Tuesday, November 1, 2011

Pueblos of New Mexico

On Saturday we visited Indian Pueblo Cultural Center. This museum depicts the history and culture of New Mexico's 19 Pueblos. While there we were able to observe an traditional American Indian dance. It is a dance honoring deer. Winter is coming soon and prayers go up that the deer may survive the winter.The dancer in the middle, with antlers on his head and holding two sticks which gives him four legs, represents the deer. The other dancers hold in their hands corn and turkey feathers. It is also a harvest dance.
We toured the Acoma Pueblo on Sunday. The following information on the dwellers of the pueblos I obtained from the Pueblo Museum as well as from our tour guide in the pueblo village of Acoma. The Native American village is one of the oldest continuously occupied sites in our country. Evidence dates it from 1150. Until the Spanish arrived in 1540 all the Native Indian villages had their own religion which permeated every aspect of their life. The Spanish with their Catholic faith did not try to understand what the natives believed and persecuted their religious leaders.  The ceremonial buildings were destroyed and churches were built over those sites by native slave labor.  Below is a picture of Acoma's Catholic church, San. Esteban.  It has massive walls and a very high timbered ceiling. Native Indian symbols of creation can be found on the walls and on a buffalo skin on the ceiling.  Figures of saints adorn the altar. The church can be seen in the background of the picture below.We were allowed inside of the church, but no picture taking is allowed.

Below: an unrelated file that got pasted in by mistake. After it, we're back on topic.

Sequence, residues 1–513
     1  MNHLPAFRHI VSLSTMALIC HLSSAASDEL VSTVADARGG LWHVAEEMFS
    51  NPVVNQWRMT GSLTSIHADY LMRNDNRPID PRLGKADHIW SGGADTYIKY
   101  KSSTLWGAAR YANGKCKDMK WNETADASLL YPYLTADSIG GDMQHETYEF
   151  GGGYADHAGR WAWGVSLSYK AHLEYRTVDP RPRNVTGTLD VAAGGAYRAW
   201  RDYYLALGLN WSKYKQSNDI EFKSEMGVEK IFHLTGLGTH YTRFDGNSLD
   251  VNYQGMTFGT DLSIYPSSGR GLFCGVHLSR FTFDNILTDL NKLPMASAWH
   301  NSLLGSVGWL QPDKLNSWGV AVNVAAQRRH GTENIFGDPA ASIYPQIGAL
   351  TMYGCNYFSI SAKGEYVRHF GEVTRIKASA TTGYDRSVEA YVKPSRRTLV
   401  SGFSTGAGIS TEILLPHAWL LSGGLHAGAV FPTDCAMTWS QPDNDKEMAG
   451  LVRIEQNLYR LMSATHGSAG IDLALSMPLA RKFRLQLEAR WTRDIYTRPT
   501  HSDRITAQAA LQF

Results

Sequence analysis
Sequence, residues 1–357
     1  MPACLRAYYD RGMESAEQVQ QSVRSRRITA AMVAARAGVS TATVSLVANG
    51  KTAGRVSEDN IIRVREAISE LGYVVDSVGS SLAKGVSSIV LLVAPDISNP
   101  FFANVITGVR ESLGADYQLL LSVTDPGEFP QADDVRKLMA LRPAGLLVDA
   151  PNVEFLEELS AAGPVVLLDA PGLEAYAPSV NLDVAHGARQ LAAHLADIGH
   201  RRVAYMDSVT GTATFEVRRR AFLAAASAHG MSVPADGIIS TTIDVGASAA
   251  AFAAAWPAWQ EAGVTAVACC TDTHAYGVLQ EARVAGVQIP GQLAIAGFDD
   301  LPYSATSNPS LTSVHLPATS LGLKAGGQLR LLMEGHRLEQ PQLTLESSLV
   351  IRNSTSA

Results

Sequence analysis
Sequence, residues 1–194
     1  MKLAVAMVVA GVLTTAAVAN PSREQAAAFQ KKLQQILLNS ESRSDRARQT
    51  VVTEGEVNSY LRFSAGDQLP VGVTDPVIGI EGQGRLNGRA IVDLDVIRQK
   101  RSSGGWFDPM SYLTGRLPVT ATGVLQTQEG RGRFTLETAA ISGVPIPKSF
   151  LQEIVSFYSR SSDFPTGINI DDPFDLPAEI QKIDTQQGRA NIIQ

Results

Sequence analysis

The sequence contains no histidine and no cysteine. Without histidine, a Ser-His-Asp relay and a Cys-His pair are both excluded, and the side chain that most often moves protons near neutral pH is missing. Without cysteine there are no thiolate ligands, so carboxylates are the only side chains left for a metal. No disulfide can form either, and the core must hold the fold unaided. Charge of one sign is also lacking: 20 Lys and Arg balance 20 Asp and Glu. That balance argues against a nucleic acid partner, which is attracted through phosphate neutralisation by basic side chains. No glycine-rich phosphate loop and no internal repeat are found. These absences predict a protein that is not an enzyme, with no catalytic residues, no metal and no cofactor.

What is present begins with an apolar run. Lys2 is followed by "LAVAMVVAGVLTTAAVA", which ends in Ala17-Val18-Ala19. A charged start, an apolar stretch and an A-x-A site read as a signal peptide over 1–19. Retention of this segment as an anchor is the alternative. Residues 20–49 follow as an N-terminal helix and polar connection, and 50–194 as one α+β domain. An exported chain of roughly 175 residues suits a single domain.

During the Pueblo Rebellion of 1680 the Catholic priests were placed on donkeys and crowns of thorns were placed on their heads. They were subsequently killed. On priest escaped and later was able to report what had happened. In the ensuing years elements of the Catholic faith were incorporated in pueblo life. Catholic services are held three times a year; in Acoma it is on Christmas, Easter and San Esteban's feast day (September 2). I will have more on our tour of Acoma in the next posting. Below is picture of a sculpture found in the Indian Pueblo museum which is entitled "Unfolding Blessings".  The Pueblo Indians of New Mexico look on their  land and everything springing from it, plant and animal, as sacred and something to be cherished. They are very proud of the fact that, despite the invasion of Spain, Mexico, and the United States, they have at least been able to hold onto some of their tribal land and villages.

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